Following Childhood Cancer Survivors as They Grow Up - Cincinnati Children's Blog

Following Childhood Cancer Survivors as They Grow Up

When he sits in the waiting area at Cincinnati Children’s, Joey Evans is usually the oldest patient in the room.

At 40, Evans, a childhood cancer survivor, doesn’t mind looking like he’s old enough to be someone’s father. He already knows he fits in at Cincinnati Children’s. It’s practically where he grew up.

Evans is one of 1,800 survivors who routinely visits Cincinnati Children’s for specialized follow-up care. Doctors he has known all of his life continue to see him to monitor and minimize the long-term complications of cancer therapy. Evans says coming back to a place that ranks among the top three in the nation for cancer care makes him feel even more confident about continued treatment here.

Back when Evans was diagnosed as a toddler with rhabdomyosarcoma, a tissue cancer, fewer than 10 percent of children survived 10 years after a cancer diagnosis. Today, 80 percent of children with a cancer diagnosis are expected to survive.

The cancer survivor program at Cincinnati Children’s is one of the oldest and largest in the country, and it is a leading center for research. Not only does the program help kids survive cancer, it is here for patients even after they beat it.

As we celebrate Cancer Survivors Month, we are excited to share the stories of  Joey Evans, Maria Seta, Joseph Dunn and Matthew Grosser. They are cancer survivors. And they have a lot more life ahead of them.

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Tanya Leach

About the Author: Tanya Leach

Tanya Bricking Leach is a writer and video producer at Cincinnati Children's and a former newspaper reporter who has covered crime for The Cincinnati Enquirer, sports for USA Today, island life for The Honolulu Advertiser, food for The Associated Press and stories about storms and surfers for the New York Times. Tanya is the author of the military-themed travel guide "Hawaii for Heroes." She is married to a military veteran and is the mother of two young boys. When she's not wired in at work, she enjoys unplugging with her family on their sailboat.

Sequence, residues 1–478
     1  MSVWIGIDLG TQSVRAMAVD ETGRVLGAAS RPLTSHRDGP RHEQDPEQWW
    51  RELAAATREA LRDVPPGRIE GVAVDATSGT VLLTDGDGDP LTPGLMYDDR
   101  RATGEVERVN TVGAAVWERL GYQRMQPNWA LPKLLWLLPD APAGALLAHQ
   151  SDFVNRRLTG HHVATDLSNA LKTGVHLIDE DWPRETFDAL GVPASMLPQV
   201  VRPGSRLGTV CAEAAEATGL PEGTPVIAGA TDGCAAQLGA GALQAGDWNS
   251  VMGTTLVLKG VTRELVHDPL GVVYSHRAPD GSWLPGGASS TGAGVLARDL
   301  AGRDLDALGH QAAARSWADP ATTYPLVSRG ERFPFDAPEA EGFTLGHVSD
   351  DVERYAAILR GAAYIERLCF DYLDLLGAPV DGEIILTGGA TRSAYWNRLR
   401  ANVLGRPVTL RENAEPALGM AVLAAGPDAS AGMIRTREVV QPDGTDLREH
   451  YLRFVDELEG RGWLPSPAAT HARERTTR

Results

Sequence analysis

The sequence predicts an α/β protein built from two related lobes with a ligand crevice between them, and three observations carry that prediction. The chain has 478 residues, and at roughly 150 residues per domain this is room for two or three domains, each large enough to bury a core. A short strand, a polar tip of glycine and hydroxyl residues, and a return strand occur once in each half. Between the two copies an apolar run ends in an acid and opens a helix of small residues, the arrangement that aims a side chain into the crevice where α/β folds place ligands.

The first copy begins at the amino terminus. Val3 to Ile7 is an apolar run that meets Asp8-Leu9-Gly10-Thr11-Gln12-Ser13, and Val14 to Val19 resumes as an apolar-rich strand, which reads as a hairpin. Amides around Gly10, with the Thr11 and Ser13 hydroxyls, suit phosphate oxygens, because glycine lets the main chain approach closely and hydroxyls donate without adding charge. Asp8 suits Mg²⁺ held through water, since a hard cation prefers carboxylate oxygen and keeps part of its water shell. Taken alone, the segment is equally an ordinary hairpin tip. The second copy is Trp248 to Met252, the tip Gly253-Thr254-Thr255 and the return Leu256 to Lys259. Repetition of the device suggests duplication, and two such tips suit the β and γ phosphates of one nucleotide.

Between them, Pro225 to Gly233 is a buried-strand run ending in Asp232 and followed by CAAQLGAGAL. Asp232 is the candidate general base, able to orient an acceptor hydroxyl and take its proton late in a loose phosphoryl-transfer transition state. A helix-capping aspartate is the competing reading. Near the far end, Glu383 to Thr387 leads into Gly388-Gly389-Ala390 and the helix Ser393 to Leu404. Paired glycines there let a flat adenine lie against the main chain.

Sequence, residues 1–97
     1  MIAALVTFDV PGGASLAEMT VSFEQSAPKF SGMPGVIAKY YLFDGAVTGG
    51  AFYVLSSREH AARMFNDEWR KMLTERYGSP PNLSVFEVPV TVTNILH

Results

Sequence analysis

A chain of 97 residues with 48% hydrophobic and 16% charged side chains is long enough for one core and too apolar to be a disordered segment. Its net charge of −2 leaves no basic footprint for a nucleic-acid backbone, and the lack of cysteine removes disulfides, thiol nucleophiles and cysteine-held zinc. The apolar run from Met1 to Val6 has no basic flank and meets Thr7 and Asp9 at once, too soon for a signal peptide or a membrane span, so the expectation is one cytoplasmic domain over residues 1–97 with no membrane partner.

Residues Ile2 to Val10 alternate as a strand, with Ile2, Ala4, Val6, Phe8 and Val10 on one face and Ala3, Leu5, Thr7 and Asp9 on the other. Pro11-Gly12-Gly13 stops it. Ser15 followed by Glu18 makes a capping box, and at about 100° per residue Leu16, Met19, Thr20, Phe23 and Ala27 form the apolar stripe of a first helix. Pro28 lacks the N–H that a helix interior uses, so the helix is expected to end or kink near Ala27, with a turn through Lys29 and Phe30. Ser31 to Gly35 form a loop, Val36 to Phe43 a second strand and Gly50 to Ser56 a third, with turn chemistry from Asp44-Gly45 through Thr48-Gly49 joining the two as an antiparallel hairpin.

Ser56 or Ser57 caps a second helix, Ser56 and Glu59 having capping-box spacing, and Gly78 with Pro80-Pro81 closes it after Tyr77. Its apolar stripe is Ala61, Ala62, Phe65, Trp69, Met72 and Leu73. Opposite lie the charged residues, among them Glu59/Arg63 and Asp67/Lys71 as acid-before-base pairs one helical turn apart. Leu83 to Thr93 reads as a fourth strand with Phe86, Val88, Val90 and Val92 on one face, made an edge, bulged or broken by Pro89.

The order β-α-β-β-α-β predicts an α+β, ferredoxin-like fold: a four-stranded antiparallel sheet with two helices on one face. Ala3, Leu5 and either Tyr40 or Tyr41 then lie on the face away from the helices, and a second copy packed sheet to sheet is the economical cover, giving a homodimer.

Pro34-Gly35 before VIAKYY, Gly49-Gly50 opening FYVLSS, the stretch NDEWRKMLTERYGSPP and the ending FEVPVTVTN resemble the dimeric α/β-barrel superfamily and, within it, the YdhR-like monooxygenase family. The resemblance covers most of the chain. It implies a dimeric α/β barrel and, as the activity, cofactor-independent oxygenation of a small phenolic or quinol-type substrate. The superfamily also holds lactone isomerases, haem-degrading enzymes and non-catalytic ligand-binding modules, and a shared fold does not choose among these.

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  1. wendy hopper October 16, 12:12
    My brother Frederick M Kuhlmann is in the books at children's hospital for the largest tumor. He was diagnosed with undiffernciated sarcoma at the age of 11. A 10lb. tumor had taken over his right kidney. He was given a 50/50 chance of living. Children's hospital saved my brother. I watched him live at the hospital for a year getting radiation and chemo. My mom was by his side through it all. He is 39 now and lives a wonderful life. He recently got married and lives in Norwood OH. He is my hero and i have walked in his honor many times at cancer walks. He also makes visits to Hemotology-Oncology.
  2. Donna Kuhlmann October 16, 13:22
    Tanya, thank you so much for these stories. My son is one of the lucky ones too. When Freddy was 13 years he had over a 10 lb. tumor that ate his right kidney. After major surgery and 2 1/2 yrs of chemo at Cincinnati Children's Hospital, my son today is cancer free. He is now 39 yrs old and recently married in May. So miracles do happen. Thank you so much for your uplifting stories. People need to hear that there are miracles out there.
  3. RobertScranton November 02, 01:37
    Thank you so much for sharing all such inspirational stories about the Cancer survivors. I personally believe that such people are a role model for all the people for their fighting spirit and positive attitude towards life. My sister too, is a cancer survivor, she was diagnosed with cancer while we were in college and was on stage 2. The oncologist suggested us to go for the radiation therapy Bronx for maintaining her health and fast recovery from the disease. Now she is a cancer free person and really happy with her married life.